Girls play football on a dusty pitch in Shimshal. Photo: The Guardian
They were motivated by the social pressures faced by young girls in the region. “The main problem in my village is that when girls are 18-19, and when their parents aren’t able to get them educated or pay their fees, they think it’s a good idea to get them married so their husband can manage the rest of their life.
“We want this to be finished. We want to give them a purpose. Some can get admission to university on sports scholarships.” That is the goal, Karishma stresses, “instead of getting girls married at early ages we should be giving them a platform to do more, a platform where they can show off their hidden talents.”
In this remote village football is being used to provide a way out, an alternative, and to give young girls and women aspirations beyond the valley.
As the small group of 15- to 20-year-olds set about setting up Al-Shams Women FC, 19-year-old Karishma and her cousin attended a session hosted by Women Win and the US embassy in Islamabad. “We presented our idea there and they were very encouraging. We then tried to get sponsorship but no one was interested. We asked local businesses but they all thought it was a bad idea; ‘How could girls in the north play football?’”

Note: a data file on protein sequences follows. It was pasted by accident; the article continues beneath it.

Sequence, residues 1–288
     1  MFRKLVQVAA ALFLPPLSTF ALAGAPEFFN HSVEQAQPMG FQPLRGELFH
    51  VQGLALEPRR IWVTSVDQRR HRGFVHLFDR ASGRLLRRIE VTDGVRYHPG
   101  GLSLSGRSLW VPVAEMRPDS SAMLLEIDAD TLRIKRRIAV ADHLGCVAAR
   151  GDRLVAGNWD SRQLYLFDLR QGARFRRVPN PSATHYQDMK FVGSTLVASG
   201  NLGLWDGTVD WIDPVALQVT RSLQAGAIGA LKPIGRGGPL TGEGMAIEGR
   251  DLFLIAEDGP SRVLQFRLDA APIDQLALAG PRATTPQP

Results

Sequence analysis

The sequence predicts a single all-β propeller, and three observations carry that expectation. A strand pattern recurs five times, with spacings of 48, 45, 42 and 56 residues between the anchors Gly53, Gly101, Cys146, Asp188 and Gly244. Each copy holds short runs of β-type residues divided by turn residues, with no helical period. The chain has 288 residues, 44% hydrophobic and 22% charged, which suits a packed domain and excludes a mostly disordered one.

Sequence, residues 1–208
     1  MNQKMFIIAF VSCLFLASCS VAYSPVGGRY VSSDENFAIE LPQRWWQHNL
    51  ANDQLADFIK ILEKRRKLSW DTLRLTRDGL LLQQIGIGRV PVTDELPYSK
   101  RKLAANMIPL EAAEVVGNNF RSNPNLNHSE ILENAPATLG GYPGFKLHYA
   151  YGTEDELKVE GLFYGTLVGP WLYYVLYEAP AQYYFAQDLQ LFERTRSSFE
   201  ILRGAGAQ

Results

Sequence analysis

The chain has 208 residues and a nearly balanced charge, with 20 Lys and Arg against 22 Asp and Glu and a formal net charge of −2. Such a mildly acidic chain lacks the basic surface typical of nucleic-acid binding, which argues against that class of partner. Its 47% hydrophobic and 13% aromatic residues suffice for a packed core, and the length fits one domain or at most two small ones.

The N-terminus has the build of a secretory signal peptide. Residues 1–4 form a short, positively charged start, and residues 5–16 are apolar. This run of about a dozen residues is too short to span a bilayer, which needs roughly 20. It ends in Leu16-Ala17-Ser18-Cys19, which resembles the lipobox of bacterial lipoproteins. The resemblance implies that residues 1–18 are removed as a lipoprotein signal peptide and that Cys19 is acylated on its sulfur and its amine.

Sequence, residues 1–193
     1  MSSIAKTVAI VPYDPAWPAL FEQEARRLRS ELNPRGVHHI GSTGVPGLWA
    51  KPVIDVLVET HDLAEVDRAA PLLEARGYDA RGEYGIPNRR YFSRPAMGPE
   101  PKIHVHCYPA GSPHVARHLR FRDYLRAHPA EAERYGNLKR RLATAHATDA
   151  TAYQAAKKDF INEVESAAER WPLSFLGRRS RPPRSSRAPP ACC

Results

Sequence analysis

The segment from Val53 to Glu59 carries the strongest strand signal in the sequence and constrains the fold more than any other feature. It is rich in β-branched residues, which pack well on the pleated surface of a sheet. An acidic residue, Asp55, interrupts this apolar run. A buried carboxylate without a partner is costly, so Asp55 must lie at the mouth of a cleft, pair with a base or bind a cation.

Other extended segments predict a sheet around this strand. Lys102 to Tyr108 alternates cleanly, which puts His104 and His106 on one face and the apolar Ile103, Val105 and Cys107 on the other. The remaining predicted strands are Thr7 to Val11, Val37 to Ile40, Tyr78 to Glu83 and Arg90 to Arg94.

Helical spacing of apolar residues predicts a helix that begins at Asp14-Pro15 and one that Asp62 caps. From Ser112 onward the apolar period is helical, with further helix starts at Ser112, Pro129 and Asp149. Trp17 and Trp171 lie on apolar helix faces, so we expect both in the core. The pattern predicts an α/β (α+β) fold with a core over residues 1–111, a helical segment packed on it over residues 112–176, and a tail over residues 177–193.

Parents in the region want their girls to be involved in sport and education. Photo: The Guardian
Undeterred by the lack of funding, the team collected small donations here and there, dipping into their own pockets too to buy equipment and a few kits, enough to get them started. “We went there in June and we started training the girls. When we arrived at the ground there were girls already standing there waiting for us. They had heard that we were going to be teaching football. On the first day we had 90 girls with us, then it increased.”
Despite what some may presume about the country and region Karishma says that “in Pakistan people are very supportive.
“The best part about Shimshal and areas in the north is that they are very open-minded people and they don’t care about what people say.”
They have found parents want their daughters to be engaged in sport and education and are open to finding a route away from their historically mapped-out marriages. They have offered something new and it has been progressively embraced by the community.